Through Braunston and Beyond!

We had an early morning start as we set off on our journey to Cambridge. We wanted to leave before the single woman boater, in the boat behind us ‘stirred’. John received a verbal tirade from her last evening when she returned from her bike journey. We moored on a favourite spot of ours, nearby to Bridge 100 on the Oxford/GU, about ‘half a boat’ (30ft) away from her. The spot was carefully chosen, keeping a reasonable distance from Bridge 99, and taking a bend into account. “Couldn’t you have moored closer, like inside my boat?”, she ranted. “I moor here for seclusion and don’t want you moored on top of my boat! “. We didn’t want another confrontation with her, and thought it a good idea to forgo breakfast, and have brunch instead.

Weatherwise the day started rather gloomy, but we were optimistic the weather would be brighter as we progressed.

At Braunston Bottom Lock #1, past Braunston Marina, John paid a visit to the chandlers at Phil Abbot’s boatyard (Wharf House Narrowboats Ltd). The hooks on two of our fenders have broken, and we needed a couple of replacements, for a bit of plastic, we thought them to be rather expensive. After visiting the chandlers, returning with two new hooks, we joined another boat ascending the locks.

The other boat had a full crew of ‘bell ringers’! They were returning from a bell ringing function in Halifax. Every year, they said, they attend the function in the boat; with the boat sleeping about 10 ‘bell ringers’. When I was safely in the lock with Cyan, and while the lock was filling, John popped into the gift shop next to the lock and purchased the book ‘The River Nene’ to help us navigate the river. We now need to purchase one for the Great Ouse.

Leaving our last lock of the day, Braunston Top Lock No 6 was soon occupied by a boat descending the lock.

It’s only a short journey before we came upon the 2000 yd Braunston Tunnel. Rusty did his normal ‘jelly’ routine, with his heart going ‘nineteen to the dozen’. I cuddled him as tight as I could, in the hope to reassure him. Pleased to say we didn’t encounter the ‘boggart’ who likes to tip up boats!

The sun looked like it tried to welcome us as we sailed out of the tunnel

Dredging and bank repair work being carried out

It wasn’t long before we were at Norton Junction

At Norton Wharf we stopped for brunch, and an overnight mooring!

Today we’ve travelled just under 6 miles, and 6 locks.

8 thoughts on “Through Braunston and Beyond!

  1. Hi,
    I assume you have seen the Guide that Sue from No Problem has done for the Nene on her website. Lots of good mooring info.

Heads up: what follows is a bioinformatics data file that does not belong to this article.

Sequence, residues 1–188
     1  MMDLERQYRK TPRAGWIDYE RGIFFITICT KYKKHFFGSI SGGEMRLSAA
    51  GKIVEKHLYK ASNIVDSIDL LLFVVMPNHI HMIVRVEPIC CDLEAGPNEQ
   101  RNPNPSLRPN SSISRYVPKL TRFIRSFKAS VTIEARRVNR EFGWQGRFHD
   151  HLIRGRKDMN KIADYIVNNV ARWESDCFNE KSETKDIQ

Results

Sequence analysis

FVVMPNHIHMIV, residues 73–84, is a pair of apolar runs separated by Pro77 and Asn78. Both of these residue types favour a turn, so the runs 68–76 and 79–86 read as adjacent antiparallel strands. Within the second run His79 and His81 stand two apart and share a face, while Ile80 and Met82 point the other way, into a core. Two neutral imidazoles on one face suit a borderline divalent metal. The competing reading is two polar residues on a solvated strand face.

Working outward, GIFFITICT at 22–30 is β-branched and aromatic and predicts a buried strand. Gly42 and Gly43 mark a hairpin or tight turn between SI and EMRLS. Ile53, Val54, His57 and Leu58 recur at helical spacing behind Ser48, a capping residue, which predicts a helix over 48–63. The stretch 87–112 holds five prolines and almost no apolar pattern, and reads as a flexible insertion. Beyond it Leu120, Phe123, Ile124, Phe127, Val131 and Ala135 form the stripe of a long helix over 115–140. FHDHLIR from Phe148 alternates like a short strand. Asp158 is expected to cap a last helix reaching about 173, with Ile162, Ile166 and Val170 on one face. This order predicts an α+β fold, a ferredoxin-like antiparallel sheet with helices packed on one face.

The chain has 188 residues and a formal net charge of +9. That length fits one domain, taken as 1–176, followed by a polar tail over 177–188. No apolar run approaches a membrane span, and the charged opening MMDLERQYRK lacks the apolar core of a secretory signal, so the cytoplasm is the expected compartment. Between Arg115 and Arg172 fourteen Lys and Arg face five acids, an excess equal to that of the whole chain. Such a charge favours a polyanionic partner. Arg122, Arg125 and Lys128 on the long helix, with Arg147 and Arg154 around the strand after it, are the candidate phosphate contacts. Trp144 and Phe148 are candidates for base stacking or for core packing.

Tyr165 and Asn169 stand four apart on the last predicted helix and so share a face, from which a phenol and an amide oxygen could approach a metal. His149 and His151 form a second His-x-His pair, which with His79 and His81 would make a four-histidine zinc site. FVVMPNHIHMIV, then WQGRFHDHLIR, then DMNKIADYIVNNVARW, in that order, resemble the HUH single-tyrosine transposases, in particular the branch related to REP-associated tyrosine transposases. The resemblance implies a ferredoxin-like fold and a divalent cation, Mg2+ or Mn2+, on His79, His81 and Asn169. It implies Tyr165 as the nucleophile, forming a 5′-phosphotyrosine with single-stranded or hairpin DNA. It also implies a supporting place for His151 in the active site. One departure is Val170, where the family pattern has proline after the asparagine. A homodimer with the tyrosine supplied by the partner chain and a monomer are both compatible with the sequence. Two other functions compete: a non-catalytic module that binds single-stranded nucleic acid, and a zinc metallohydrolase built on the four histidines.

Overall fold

The Nene and Great Ouse guides are a bit vague for what is around, compared to the canal guides. In some of the empty areas of the east they do usefully show pylon lines, the only landmark around!
    Hope you have time to visit our old home area The River Lark off the Great Ouse.

    • Hi Steve, yes that’s a brilliant link re Sue’s guide; she’s such a STAR! Thanks for the suggestion about the River Lark, we’ll certainly be giving that a go, it’ll probably be on our way back from getting as close as possible to Cambridge. It’s a bit daunting visiting new waterways, especially rivers, though we’re up for an adventure :), no doubt our return journey will be more relaxed. We’ve also downloaded maps for the Nene, Ouse, and Cam from Waterways Routes.

      Thanks for taking the time providing advice. It’s all much appreciated. Best regards, Jennifer

  2. I had to laugh when I read your comments about the woman wanting mooring seclusion near bridge 100. That’s a favourite spot of ours (and many other people) as it’s near Napton/Calcutt where we keep our boat. In fact, when we started our current trip just over 2 weeks ago we set off at 6pm and moored there for the first night. If she wants seclusion she’s in the wrong place.

    I don’t understand people who expect seclusion on a stretch of armco, they should moor somewhere that requires pins and then they are less likely to have neighbours.

    I’ll be keeping an eye out for Chan this morning as we head from Weedon to the bottom of the Buckby flight.

    Sean (nb Lily Rose)

    • Hi Sean, yes we think it’s rather funny now, but at the time her remarks felt a bit like a slap in the face. We’ve moored there quite a few times, including last bank holiday where the space between both bridges was quite full. We’ll be ready next time 🙂 Best regards, Jennifer

  3. I second Steve’s comments. The Nene and Ouse guides are also well out of date and show e.g. moorings that don’t exist and don’t include e.g. the Friends Of The River Nene (FOTRN) moorings. I found it well worth joining FOTRN for £10 as I used a few of their moorings. Also worth looking at the boater’s rough guides for Ouse, Nene & Middle Level at Entry to the Middle Level at Stanground requires 24hrs notice, also preferred for Marmont Priory Lock. Tina the lockie at Stanground will sell you the key and windlass you need for about £25 I think. John, NB Samsara.

    • Thanks for your advice John, we don’t have a key nor a windlass, yet. We’ll try and obtain them at Gayton Marina. Good advice re joining Friends os the River Nene! They sound like they do a lot of good work. Best regards, Jennifer

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